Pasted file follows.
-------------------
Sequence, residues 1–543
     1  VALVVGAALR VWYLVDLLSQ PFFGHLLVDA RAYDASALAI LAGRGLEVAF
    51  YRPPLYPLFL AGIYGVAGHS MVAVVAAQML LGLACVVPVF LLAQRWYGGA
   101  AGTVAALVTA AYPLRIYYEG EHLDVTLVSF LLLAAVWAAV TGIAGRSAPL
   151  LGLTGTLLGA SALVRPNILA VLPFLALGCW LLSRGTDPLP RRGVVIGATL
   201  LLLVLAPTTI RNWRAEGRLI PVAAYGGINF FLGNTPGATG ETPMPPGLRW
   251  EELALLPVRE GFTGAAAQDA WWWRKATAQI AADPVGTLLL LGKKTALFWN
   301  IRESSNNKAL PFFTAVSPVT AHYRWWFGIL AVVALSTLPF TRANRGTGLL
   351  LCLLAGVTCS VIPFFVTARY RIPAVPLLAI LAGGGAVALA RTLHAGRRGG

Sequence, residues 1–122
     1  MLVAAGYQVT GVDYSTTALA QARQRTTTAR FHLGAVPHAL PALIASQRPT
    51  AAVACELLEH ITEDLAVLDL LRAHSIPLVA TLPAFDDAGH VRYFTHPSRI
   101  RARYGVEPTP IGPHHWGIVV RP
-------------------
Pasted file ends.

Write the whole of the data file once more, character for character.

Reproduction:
Sequence, residues 1–543
     1  VALVVGAALR VWYLVDLLSQ PFFGHLLVDA RAYDASALAI LAGRGLEVAF
    51  YRPPLYPLFL AGIYGVAGHS MVAVVAAQML LGLACVVPVF LLAQRWYGGA
   101  AGTVAALVTA AYPLRIYYEG EHLDVTLVSF LLLAAVWAAV TGIAGRSAPL
   151  LGLTGTLLGA SALVRPNILA VLPFLALGCW LLSRGTDPLP RRGVVIGATL
   201  LLLVLAPTTI RNWRAEGRLI PVAAYGGINF FLGNTPGATG ETPMPPGLRW
   251  EELALLPVRE GFTGAAAQDA WWWRKATAQI AADPVGTLLL LGKKTALFWN
   301  IRESSNNKAL PFFTAVSPVT AHYRWWFGIL AVVALSTLPF TRANRGTGLL
   351  LCLLAGVTCS VIPFFVTARY RIPAVPLLAI LAGGGAVALA RTLHAGRRGG

Sequence, residues 1–122
     1  MLVAAGYQVT GVDYSTTALA QARQRTTTAR FHLGAVPHAL PALIASQRPT
    51  AAVACELLEH ITEDLAVLDL LRAHSIPLVA TLPAFDDAGH VRYFTHPSRI
   101  RARYGVEPTP IGPHHWGIVV RP